Average US 30-year mortgage rate slips to 4.02 percent


7 year Adjustable Rate Mortgages are on the books at 3.500% with a starting April of 3.684%.

30-year fixed-rate mortgage (FRM) averaged 4.02 percent with an average 0.5 point for the week ending May 18, 2017, down from last week when it averaged 4.05 percent.

The 15-year FRM also decreased slightly to 3.27%, down from 3.29% last week, but still up from 2.81% last year.

On Thursday, the benchmark 10-year Treasury yield US10YT=RR fell to a one-month low at 2.18 percent as safety bids for US government bonds grew on worries about a scandal around Brazilian President Michel Temer, spurring a rout in the Brazilian stock market .BVSP.

ARM loans in the 3 year category are being quoted at 2.750% now with a starting April of 3.853%.

To calculate average mortgage rates, Freddie Mac surveys lenders across the country between Monday and Wednesday each week. The government-backed mortgage-backer aggregates rates weekly from 125 lenders from across the country to come up with national average mortgage rates.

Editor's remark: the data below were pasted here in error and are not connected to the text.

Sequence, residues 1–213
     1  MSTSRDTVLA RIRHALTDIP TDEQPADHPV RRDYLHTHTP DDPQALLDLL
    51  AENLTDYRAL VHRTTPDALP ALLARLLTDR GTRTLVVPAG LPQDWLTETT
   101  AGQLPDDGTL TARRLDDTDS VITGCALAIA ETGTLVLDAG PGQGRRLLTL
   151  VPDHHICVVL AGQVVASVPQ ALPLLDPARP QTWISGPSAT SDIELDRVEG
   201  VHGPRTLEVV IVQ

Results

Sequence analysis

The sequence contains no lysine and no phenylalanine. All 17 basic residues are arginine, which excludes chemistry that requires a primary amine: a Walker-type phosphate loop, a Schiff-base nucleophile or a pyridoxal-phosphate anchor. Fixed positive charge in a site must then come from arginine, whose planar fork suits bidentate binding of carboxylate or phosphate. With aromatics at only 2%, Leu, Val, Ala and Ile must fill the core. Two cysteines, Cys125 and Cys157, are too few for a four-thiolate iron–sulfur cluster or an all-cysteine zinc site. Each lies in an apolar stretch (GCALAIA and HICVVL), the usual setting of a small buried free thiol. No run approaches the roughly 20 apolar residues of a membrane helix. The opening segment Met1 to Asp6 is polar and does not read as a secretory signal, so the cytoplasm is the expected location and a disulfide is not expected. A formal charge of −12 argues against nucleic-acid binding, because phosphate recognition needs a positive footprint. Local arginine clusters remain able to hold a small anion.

Quote Attributed to Sean Becketti, chief economist, Freddie Mac. "The delayed impact of the associated decline in Treasury yields may push mortgage rates lower in next week's survey".

Political drama in Washington, D.C. prompted mortgage rates to fall today as investors scale back their expectations for the passage of legislation that might boost economic growth, including tax reform and infrastructure spending. The 10-year Treasury bond slipped near below 2.3% in overnight trading Tuesday.

10 year fixed rate mortgages have been quoted at 3.250% and an April of 3.430% today. One point equals 1 percent of the loan amount.

Meanwhile, mortgage applications dwindled last week, according to the latest data from the Mortgage Bankers Association. "The year-over-year increase was driven by conventional loans, which tend to be larger, leading to a record high for the average purchase loan size". ARM volume is now up 24 percent from a year ago.

The drop may be due in part to higher home prices and, in turn, fewer entry-level buyers able to afford a home.